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Sign on front of Renmin North Road in Shenzhen, China Wal-Mart Supercenter saying "Everyday low prices!" in Chinese.
Daniel Case, CC BY-SA 3.0 , via Wikimedia Commons
Sign on front of Renmin North Road in Shenzhen, China Wal-Mart Supercenter saying "Everyday low prices!" in Chinese.

This is Mike Strong, in Hays, for HPPR. The book is “Made in China” by Amelia Pang.

In “Made in China,” Amelia Pang tells us what happens to individuals caught in a complex tangle of responsibilities, corporate practices and relationships and the treatment of human beings across the world. Our protagonist is Sun Yi.

Sun Yi is in prison for his membership in a religion, Falun Gong. When Falun Gong started in 1992 it was praised by China. Four years later it had grown to around 70 million members and had rejected state control over its messaging. Overnight the government vilified the organization and began arresting its members to “correct” them. This included Sun Yi.

He manages, with great difficulty, to smuggle out a series of letters asking for help, hidden in products he was forced to work on. One of those letters wound up in a Halloween decoration sent to a K-Mart store in Portland, Oregon. It wound up on the news and triggered a search for the prisoner.

When Julie Keith purchased the Halloween decoration which had Sun Yi’s letter, she did what so many of us do without any thought and without knowing any better. She had just contributed to slave labor in another country. And not only slave labor, but religious persecution in another country.

She was innocently complicit. We, the lot of us, have little knowledge of the conditions under which our goods are purchased. Most of us just want a working product at a low price. Being aware which products are produced by slaves is usually, the last thing on our minds.

So, obviously, we just stop buying Chinese-made goods and stop outsourcing our labor. Right? It’s -complicated.

If you are old enough, you may remember Wal-Mart ads boasting about buying American-made products, Sam Walton’s “Buy American” campaign in the 1980’s. It brought Wal-Mart tons of great publicity. Despite the name, “Buy American” was a double-headed club which drove down supplier costs using Chinese and American firms against each other.

Wal-Mart sent its first direct-import buyers to China in 1976.

Sam Walton also completely changed the company from a merchandizing company to a logistics operation. While other large retail chains avoided small communities, Wal-Mart went right for them. The surrounding area is the market draw.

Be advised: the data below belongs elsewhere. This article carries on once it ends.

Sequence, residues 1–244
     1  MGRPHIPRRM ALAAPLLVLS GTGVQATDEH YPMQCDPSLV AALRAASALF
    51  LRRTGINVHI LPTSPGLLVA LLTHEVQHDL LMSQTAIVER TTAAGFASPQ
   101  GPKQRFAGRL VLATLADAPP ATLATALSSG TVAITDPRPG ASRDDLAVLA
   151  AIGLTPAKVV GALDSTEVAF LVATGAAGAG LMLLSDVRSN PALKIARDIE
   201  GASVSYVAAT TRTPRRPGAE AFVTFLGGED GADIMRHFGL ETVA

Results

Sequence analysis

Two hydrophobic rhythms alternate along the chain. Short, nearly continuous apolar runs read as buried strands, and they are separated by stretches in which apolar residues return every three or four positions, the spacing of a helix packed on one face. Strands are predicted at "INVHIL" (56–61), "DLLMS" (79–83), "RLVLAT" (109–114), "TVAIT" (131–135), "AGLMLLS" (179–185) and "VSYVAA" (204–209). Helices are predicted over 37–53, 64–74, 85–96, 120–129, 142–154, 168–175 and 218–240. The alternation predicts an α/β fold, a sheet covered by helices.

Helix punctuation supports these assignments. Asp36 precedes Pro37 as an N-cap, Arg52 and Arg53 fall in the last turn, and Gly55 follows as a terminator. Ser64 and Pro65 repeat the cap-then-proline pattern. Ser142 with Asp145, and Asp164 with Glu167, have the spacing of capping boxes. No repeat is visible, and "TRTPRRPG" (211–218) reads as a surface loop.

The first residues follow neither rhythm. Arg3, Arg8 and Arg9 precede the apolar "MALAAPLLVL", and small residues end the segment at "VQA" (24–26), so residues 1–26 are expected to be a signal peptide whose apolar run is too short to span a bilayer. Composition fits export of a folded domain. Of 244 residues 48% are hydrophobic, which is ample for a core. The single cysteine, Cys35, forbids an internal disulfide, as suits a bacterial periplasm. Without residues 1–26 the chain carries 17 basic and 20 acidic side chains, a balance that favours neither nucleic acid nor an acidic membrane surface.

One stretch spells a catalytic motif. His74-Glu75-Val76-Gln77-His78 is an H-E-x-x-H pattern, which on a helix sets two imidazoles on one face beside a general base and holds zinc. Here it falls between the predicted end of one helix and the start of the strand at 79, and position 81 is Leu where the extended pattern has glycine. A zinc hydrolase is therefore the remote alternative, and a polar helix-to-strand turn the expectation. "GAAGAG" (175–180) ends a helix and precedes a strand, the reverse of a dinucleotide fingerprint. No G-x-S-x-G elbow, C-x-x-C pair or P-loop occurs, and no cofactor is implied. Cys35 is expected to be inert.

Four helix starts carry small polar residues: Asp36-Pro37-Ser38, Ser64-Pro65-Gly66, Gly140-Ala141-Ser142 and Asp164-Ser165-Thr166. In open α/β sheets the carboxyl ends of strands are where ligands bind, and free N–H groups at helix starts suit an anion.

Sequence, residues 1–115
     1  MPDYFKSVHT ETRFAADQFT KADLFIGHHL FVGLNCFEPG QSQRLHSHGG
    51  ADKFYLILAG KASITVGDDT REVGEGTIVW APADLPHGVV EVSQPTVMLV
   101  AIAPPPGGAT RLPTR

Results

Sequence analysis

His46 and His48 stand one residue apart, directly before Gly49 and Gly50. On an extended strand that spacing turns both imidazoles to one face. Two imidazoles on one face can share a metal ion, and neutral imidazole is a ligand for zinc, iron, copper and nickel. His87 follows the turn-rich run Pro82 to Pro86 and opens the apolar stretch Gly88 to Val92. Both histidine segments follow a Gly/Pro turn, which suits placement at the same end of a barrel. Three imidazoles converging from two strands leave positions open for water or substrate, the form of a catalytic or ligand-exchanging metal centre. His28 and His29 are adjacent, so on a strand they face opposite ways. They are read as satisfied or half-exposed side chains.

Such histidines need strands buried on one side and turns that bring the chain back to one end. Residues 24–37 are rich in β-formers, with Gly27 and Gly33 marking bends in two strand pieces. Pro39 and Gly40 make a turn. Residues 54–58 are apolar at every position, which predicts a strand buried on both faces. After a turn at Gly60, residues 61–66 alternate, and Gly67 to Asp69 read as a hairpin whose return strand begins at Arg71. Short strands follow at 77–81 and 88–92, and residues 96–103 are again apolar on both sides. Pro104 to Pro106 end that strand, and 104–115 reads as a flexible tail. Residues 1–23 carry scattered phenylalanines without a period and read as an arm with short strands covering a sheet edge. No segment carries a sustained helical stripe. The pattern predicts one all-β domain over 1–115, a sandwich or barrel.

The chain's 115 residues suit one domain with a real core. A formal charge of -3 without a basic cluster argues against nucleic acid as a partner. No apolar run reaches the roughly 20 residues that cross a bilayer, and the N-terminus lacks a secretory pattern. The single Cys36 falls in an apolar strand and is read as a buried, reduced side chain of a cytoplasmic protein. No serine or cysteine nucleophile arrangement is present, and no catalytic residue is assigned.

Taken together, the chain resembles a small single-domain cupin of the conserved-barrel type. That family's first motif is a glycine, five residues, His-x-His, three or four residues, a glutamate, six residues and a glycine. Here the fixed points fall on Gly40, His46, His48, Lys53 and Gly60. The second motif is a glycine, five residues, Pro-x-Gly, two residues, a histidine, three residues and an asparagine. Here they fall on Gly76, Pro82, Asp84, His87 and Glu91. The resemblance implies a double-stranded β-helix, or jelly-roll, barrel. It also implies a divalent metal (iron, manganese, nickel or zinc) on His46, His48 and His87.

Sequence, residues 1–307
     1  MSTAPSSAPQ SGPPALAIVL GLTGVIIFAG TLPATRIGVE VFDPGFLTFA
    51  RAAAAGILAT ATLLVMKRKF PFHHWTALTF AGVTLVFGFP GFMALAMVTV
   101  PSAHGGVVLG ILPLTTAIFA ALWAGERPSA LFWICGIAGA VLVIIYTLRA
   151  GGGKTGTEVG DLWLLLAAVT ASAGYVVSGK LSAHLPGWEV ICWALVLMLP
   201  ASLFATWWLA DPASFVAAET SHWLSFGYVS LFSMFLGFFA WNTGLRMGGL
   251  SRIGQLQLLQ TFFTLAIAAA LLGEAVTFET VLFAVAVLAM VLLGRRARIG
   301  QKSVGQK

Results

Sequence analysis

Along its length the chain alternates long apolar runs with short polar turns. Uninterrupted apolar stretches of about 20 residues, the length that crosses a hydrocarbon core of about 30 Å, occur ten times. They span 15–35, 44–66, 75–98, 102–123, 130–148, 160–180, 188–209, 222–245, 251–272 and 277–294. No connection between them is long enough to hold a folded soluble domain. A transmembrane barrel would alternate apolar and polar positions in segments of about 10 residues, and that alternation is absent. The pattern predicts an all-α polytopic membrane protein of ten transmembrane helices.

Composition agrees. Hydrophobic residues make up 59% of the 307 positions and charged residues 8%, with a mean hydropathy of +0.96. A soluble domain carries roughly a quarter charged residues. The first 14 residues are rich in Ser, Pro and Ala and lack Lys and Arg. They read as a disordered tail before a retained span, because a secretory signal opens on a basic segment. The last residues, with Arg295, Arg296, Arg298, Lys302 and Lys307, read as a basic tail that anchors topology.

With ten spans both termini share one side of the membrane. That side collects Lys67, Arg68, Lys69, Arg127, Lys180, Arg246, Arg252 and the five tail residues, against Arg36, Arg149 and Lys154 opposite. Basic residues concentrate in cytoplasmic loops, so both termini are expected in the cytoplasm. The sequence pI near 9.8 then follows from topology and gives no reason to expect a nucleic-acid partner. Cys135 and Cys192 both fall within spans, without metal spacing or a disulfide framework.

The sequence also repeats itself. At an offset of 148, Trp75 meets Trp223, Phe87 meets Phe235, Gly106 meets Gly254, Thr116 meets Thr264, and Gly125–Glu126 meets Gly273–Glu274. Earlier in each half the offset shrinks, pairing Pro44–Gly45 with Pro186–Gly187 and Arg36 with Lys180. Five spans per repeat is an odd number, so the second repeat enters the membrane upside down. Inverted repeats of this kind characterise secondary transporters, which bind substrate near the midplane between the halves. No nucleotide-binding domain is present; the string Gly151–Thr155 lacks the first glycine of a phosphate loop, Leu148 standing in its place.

That is key to understanding the cost structure and responsiveness to global supply and local demand. Store locations are based within a few hours from any supply center.

In “The Retail Revolution,” author Nelson Lichtenstein states that in the mid-1980’s Sam Walton estimated that his company’s direct imports (no middlemen) were 5.6-percent of sales. That, however, hides from view the many suppliers to Wal-Mart who were importing the goods or parts for assemblies they sold on to Wal-Mart. That brings the estimated amount of imported goods sold by Wal-Mart at about 40-percent some 35+ years ago.

This was also when (1984) then-Arkansas Governor Bill Clinton helped a Bentley, Arkansas clothing manufacturer, Farris Fashions, get a contract from Wal-Mart when Van Heusen shifted from Farris to offshore sources. The contract with Wal-Mart brought in jobs, up to 350, and Farris became a poster child for Walton’s Buy American. However, it also turned Farris into what Nelson Lichtenstein called “Wal-Mart’s creature.”

Farris wound up unable to supply anyone else, employment went down to around 70 and when their particular flannel shirts went out of fashion so did their contract. They shuttered the plant in 2005 and the family is now raising beef cattle. Wal-Mart, by now, totally buried the “Buy American” program.

Buying any product means buying the entire chain of production and distribution. Knowing whether the goods produced use exploited and/or slave labor and other human rights abuses is hard to establish. For large marketers, events such as Tiananmen Square in 1989 and prison labor are just public relations problems. Said Sam Walton, “Keep this under the radar.”

This is Mike Strong, in Hays, for HPPR Radio Readers Book Club.

Selected References:

Sam Walton: Made in America – June 1993 by Sam Walton with John Huey https://www.amazon.com/Sam-Walton-Made-America/dp/0553562835

The Retail Revolution: How Wal-Mart Created a Brave New World of Business June 8, 2010 by Nelson Lichtenstein https://www.amazon.com/Retail-Revolution-Wal-Mart-Created-Business/dp/0312429681

Spring Read 2023: In Touch with the World 2023 Spring ReadHPPR Radio Readers Book Club
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